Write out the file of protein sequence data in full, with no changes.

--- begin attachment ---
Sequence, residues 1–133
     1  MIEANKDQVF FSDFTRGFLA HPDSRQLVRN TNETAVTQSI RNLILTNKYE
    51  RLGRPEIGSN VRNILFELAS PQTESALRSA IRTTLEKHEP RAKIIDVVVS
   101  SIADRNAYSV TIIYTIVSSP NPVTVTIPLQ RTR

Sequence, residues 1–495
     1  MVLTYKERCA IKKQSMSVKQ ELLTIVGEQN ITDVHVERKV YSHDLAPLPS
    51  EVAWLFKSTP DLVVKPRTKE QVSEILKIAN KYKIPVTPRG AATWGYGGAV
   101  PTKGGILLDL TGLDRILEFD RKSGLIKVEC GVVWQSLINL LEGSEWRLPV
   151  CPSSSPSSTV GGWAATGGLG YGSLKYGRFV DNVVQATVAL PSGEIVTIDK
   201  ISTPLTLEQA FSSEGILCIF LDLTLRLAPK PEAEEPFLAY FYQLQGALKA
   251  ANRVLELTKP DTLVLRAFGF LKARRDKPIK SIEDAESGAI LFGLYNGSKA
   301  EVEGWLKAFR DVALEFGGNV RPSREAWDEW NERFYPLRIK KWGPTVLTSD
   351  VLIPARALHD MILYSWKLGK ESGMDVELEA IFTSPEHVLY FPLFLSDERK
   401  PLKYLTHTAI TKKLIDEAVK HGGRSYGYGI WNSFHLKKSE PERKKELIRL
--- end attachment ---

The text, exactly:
Sequence, residues 1–133
     1  MIEANKDQVF FSDFTRGFLA HPDSRQLVRN TNETAVTQSI RNLILTNKYE
    51  RLGRPEIGSN VRNILFELAS PQTESALRSA IRTTLEKHEP RAKIIDVVVS
   101  SIADRNAYSV TIIYTIVSSP NPVTVTIPLQ RTR

Sequence, residues 1–495
     1  MVLTYKERCA IKKQSMSVKQ ELLTIVGEQN ITDVHVERKV YSHDLAPLPS
    51  EVAWLFKSTP DLVVKPRTKE QVSEILKIAN KYKIPVTPRG AATWGYGGAV
   101  PTKGGILLDL TGLDRILEFD RKSGLIKVEC GVVWQSLINL LEGSEWRLPV
   151  CPSSSPSSTV GGWAATGGLG YGSLKYGRFV DNVVQATVAL PSGEIVTIDK
   201  ISTPLTLEQA FSSEGILCIF LDLTLRLAPK PEAEEPFLAY FYQLQGALKA
   251  ANRVLELTKP DTLVLRAFGF LKARRDKPIK SIEDAESGAI LFGLYNGSKA
   301  EVEGWLKAFR DVALEFGGNV RPSREAWDEW NERFYPLRIK KWGPTVLTSD
   351  VLIPARALHD MILYSWKLGK ESGMDVELEA IFTSPEHVLY FPLFLSDERK
   401  PLKYLTHTAI TKKLIDEAVK HGGRSYGYGI WNSFHLKKSE PERKKELIRL